As an indie author, there are so many tools and strategies you can employ to grow your audience and even monetize your work. Below are 5: videos, podcasting, merchandising, crowdfunding, and social media.
Videos are a great way to connect with your audience on a more personal level. There are a few tools and resources to help you get started in creating content:
- “How to create a video with PowerPoint” on Build Book Buzz
- The Online Teleprompter (for help with reading while on camera)
- “Are YouTube Videos the Right Type of Content for your Art?” on Patreon Blog
And more resources on how to share your videos and grow your audience, as well as success examples:
- “What are the best places to share your YouTube videos?” on Quora
- “6 YouTube Tips to Improve Your Search Rank” on Social Media Examiner
- “Exclusive: 36% of businesses making basic video marketing mistakes” on MWP Digital Media
- “YouTube Partners With Book Publishers To Get Kids To Read More” on Fortune
- Eternal Network (for growing YouTube creator brands)
And as a bonus, you can monetize your videos:
- “9 Ways to Make Money on YouTube Without Ads” on Patreon Blog
- “An Update on Video Monetization” on Facebook
Podcasting is a great way to connect with readers (especially readers who love audiobooks):
- “How Podcasting Helped One Author Find Her Marketing Happy Place” on Digital Book World
- “The Best Podcasts for Writers” on Written Word Media
Writers can also start their own podcasts, and even grow them enough to monetize them:
- “Five Ways To Monetize Podcasts Using Apple’s iBooks Author” on LinkedIn
- “The 7 Best Podcast Promotion Strategies (And How to Use Them)” on Patreon
- “Apple is going to let podcast creators — and advertisers — see what listeners actually like” on Recode
- ART19 (a platform for monetizing podcasts)
Once you’ve created content, you can find ways to make more people aware of your characters with merchandising. The Creative Penn offers advice for merchandising for authors, which includes how to find designers, mistakes to avoid, and where to get your products made. Amazon also has Merch for Amazon, which allows designers to sell t-shirts, and there’s even a Merch Research site, to see which designs are already for sale.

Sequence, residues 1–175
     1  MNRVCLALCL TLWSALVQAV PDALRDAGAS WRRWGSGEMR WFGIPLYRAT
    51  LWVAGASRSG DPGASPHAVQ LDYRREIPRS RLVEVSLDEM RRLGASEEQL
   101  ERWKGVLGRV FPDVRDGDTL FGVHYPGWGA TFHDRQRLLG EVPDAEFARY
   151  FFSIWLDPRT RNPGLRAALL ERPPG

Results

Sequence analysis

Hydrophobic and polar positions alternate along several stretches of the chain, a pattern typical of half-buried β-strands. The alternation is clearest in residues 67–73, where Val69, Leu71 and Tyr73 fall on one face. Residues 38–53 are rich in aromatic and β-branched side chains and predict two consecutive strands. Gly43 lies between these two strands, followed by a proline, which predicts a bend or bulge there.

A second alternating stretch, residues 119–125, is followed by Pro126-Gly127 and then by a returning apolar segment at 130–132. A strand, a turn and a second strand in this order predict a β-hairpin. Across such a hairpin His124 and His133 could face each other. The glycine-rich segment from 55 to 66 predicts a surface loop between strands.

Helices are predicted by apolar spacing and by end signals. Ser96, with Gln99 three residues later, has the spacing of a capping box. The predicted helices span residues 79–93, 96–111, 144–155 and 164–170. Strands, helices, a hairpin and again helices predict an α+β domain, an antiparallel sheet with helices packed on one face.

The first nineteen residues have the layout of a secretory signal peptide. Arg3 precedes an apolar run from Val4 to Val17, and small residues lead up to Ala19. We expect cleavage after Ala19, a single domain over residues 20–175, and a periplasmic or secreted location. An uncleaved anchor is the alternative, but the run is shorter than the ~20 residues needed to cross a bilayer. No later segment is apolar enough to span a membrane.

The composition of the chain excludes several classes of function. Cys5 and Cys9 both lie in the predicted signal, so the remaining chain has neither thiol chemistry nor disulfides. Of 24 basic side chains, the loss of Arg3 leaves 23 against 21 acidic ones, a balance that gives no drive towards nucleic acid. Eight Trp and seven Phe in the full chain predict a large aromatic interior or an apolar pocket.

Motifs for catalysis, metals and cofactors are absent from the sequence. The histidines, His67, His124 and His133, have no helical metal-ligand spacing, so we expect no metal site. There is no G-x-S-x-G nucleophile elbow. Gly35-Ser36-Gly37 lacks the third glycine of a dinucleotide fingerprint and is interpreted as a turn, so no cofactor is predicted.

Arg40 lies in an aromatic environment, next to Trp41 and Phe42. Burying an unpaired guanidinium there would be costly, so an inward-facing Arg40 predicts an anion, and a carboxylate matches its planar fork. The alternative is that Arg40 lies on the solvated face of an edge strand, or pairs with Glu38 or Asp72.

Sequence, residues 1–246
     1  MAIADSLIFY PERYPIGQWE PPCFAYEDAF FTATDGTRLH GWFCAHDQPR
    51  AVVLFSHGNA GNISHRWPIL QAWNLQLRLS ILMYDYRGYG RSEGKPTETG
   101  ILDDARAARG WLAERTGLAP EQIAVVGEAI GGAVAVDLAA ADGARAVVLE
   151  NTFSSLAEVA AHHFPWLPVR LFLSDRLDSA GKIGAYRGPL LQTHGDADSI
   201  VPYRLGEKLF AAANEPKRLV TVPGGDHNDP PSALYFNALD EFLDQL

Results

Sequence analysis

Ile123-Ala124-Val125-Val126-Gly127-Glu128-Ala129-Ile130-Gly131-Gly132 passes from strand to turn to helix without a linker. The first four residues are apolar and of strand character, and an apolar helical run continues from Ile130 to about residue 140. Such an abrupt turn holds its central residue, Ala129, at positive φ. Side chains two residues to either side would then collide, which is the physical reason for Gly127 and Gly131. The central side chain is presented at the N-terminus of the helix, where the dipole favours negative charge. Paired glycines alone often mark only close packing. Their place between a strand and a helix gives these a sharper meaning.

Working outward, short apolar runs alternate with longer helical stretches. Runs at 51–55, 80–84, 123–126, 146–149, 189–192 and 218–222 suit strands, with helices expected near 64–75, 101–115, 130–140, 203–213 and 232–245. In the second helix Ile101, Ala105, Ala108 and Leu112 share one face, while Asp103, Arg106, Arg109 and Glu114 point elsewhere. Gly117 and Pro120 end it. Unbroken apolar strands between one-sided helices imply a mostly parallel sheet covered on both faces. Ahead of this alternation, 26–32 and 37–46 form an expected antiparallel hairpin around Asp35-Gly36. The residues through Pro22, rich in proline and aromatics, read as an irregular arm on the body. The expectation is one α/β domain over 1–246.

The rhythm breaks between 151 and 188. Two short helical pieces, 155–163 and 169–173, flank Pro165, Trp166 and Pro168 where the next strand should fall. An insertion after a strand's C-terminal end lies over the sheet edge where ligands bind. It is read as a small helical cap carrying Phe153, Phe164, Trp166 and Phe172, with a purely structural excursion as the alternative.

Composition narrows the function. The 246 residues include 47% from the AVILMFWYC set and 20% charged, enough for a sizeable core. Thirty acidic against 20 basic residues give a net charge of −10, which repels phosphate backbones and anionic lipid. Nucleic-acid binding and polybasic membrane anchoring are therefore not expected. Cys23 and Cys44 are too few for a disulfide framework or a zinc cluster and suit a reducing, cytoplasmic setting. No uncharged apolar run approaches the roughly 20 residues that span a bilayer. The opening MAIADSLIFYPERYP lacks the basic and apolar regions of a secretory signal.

And, just for fun is the site Litographs, which prints text from classic books onto t-shirts.
Crowdfunding has gotten popular as a way for anyone to raise money for their projects, but when done right, it can also grow your audience. You can use Kicktraq to see which projects are doing well and research how to run your project. Accelerant Media Group is a site that helps people with all steps in their crowdfunding.
And once you’ve launched your project, you can use sites like BackerKit and Prouduct to help ship your rewards and perks.
Of course, this post wouldn’t be complete without a shoutout to social media. Here are some tips and insights for the various platforms:
- “4 Social Media Productivity Tips for Authors” on The Book Designer
- “Link Your Facebook Profile to Twitter” on Facebook
- “Is Your Social Content Picture-Perfect or Merely Taking Stock?” on Content Marketing Institute
- “What the heck is a Facebook Pixel and how can it improve book sales?” on Digital Book World
- “12 Facebook Groups To Join Before Quitting Your Day Job To Work For Yourself” on Fast Company
- Get Your Business on Google (if you have a physical business, could be good to make it easier to find)
- “Have You Seen These Social Media Changes? Part II” on Social Media Just for Writers
- “HarperCollins Continues Facebook Live Programming with Holiday Campaign” on Publisher’s Weekly
- “Snapchat: A summary report for publishers” on BookMachine
There are also tools out there to help your recycle your content:
- Recurpost (repurpose social media posts)
- SmarterQueue (repurpose social media posts)
And just for fun, Pinterest now has a tool that lets you learn how to cook your favorite restaurant dishes, according to Mashable.